Ah, July in the Faroe Islands, where the sun dances in the sky, casting a golden glow over the misty landscapes and sparkly-blue ocean. It's a month filled with endless artistic discovery, music festivals, outdoor adventure and cultural pop-ups. We encourage you to stay fearless and venture into becoming a bit more Faroese whether it be picking up a local phrase or two, adapting the Faroese way of life or simply saying ‘yes’  to new experiences, even if they seem uncertain at first.

“Hvussu gongur?” / “How is it going”

“Takk fyri” / “Thank you”

“Kanska í morgin” / "Maybe tomorrow"

“Orsaka” / “Sorry”


“Kann eg spyrja teg um eitt?”  / “Can I ask you a question?” 



Wondering what to do in a place like the Faroe Islands in July? What to bring, how to prepare? Exciting news! July is buzzing with activities, making it one of our liveliest months of the year. Keep an eye out for returning young adults who've been studying abroad—they're eager to reconnect, so brush up on your favourite Faroese phrases and dive into conversations. To ensure you make the most of your July visit, we've put together a comprehensive guide packed with tips and recommendations. Let the adventure begin!

G! Festival: There are plenty of ways to describe the G! Festival, taking place around mid-July. Previous festival-goers have said: "Is this the most remote festival on Earth?" and “G! Festival Turns A Tiny Faroese Town Into An All-In Beach Party”. All we can say is: JUST COME, you will not regret it!

PRIDE: July 27th is a special union of PRIDE supporters (10% of the population participate) coming together to form the Gay Pride parade in Tórshavn and ending up at the town square with cool tunes, free spirits and colourful celebrations. Hosted by the Faroese LGBT+ organisation, making a monumental change since 2011. All you need to do is grab your finest outfit, join the parade or go downtown and cheer supportively on the side as they pass. 
Village Festivals & Ólavsøka: During all of July there are regional village festivals held all over the islands. The final one is Ólavsøka (July 28th and 29th), the Faroe Islands' national holiday. Join the jubilant celebrations with colourful parades, national dresses coming alive, lively concerts, homely faroese food, sporting events, art exhibitions and a uniquely Faroese vibe.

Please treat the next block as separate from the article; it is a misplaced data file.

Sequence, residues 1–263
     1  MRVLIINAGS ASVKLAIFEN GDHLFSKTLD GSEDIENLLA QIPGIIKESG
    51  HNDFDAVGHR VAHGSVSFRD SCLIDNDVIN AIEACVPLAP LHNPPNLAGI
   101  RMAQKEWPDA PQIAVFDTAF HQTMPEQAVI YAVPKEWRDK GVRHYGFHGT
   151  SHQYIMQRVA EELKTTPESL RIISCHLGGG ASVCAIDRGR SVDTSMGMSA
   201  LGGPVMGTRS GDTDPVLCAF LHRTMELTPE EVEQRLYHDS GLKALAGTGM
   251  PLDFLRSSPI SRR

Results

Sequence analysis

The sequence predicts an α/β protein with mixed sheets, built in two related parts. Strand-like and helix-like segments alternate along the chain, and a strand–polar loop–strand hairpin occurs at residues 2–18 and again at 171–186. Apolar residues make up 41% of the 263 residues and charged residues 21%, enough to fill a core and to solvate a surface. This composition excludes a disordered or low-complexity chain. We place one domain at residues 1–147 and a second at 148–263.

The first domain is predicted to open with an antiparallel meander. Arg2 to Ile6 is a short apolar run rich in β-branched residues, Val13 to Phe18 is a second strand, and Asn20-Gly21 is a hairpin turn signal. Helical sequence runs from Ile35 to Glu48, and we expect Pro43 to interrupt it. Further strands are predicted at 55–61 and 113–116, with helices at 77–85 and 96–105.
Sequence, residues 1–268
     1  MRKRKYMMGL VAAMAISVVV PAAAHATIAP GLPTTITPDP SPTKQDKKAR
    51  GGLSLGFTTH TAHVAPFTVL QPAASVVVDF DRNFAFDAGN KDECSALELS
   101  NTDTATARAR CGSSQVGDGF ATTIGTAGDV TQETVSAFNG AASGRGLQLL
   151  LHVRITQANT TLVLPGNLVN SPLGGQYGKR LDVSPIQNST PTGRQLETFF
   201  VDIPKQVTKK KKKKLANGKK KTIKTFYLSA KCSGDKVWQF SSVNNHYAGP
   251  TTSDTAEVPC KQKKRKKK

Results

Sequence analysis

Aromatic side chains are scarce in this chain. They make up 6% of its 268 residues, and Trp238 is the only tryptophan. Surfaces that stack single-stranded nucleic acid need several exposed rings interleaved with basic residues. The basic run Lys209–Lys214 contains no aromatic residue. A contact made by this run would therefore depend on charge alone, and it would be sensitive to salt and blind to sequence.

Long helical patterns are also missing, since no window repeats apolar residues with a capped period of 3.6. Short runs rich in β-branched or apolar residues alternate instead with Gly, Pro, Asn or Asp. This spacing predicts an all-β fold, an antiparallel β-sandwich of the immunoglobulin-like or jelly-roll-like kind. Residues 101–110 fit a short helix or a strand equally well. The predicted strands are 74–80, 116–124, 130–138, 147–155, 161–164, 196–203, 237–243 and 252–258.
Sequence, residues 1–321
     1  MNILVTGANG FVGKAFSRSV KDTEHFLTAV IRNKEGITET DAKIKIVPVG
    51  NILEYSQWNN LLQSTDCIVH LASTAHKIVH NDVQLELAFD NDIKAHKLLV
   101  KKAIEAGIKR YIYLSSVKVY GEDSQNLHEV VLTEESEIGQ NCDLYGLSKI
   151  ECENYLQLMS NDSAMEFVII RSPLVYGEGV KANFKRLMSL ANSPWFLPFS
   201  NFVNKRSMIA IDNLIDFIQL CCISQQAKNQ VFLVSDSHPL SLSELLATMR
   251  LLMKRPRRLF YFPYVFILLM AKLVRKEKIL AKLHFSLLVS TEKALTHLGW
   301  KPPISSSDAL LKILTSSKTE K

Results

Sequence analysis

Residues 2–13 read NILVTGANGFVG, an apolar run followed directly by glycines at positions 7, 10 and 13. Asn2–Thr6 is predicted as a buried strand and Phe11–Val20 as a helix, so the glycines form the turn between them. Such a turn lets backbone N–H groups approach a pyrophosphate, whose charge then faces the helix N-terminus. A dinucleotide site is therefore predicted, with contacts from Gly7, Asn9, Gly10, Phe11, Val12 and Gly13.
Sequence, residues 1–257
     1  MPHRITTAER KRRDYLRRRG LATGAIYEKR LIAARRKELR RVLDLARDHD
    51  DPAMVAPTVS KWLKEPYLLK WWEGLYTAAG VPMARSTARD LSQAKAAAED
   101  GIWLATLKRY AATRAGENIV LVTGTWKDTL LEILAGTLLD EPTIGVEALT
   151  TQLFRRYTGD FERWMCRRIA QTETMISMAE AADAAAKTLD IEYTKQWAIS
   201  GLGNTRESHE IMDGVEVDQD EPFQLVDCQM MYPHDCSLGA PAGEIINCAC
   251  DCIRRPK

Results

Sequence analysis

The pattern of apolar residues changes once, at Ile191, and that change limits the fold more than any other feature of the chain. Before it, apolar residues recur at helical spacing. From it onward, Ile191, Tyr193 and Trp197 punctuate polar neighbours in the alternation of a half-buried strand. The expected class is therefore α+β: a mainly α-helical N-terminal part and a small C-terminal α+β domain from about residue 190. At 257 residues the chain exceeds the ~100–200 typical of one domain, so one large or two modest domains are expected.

Pedal Pursuit: The greatest thing you can do is spend the day biking around the island of Kalsoy. It is fairly easy and with simply mesmerising views. Even E-electronic bikes are ready on arrival to the island, making it easy to rent and go! A tip is to stop by Café Edge in Mikladalur, here you can enjoy a coffee on the edge of the world. 

Island day trips: Explore hidden gems on day trips to Faroe Islands' lesser-known islands, connected by subsea tunnels or reachable by ferry. Suðuroy beckons with breathtaking hikes, scenic viewpoints, heimablídni (dining with locals), birdwatching, and intriguing galleries. Just a 15-minute drive from the capital, Sandoy boasts stunning nature, kayaking, local dining experiences, and a picturesque dune beach—an absolute must-visit.


  1. Kappróður ('rowing'): Rowing is the faroese national sport and a must-watch! The rowing season is short, from around early June to late July. Seven rowing races are held individually at regional village festivals (also a must-visit). The final race is held during Ólavsøka in late July.
  2. I scream for Ice Cream: Rate our gas station ice cream treats while you're on the road! Available at almost every stop along the way, you'll discover a variety of flavours and tempting toppings to satisfy your cravings. 
  3. Ocean dip: Refresh your body and mind by diving into the mildly cool Atlantic for a revitalizing experience. Choose your entry by splashing into the sea via the shore or use a convenient ladder. It's a surefire way to reset and feel fantastic!
  4. Summartónar: Across the 18 enchanting islands, concerts come alive in unique settings—be it at sea, in a grotto, atop a mountainside, or nestled in a cosy venue or cabin. While some of these summer concerts are free of charge, others may request a nominal fee.


July graces the Faroe Islands with mild temperatures ranging from 9 to 14 degrees Celsius (48 to 57 degrees Fahrenheit), accompanied by extended daylight hours. It's the perfect time to bask in the glow of the summer sun while exploring the island's wonders. In July the Faroe Islands has the second longest period of daylight with up to 19hrs, with sunrise at around 4.00 AM and sunset at 11.00 PM.


Here you'll find a small selection (helpful links) of activities, places, cafés, paths and shops to see when visiting the Faroe Islands during July.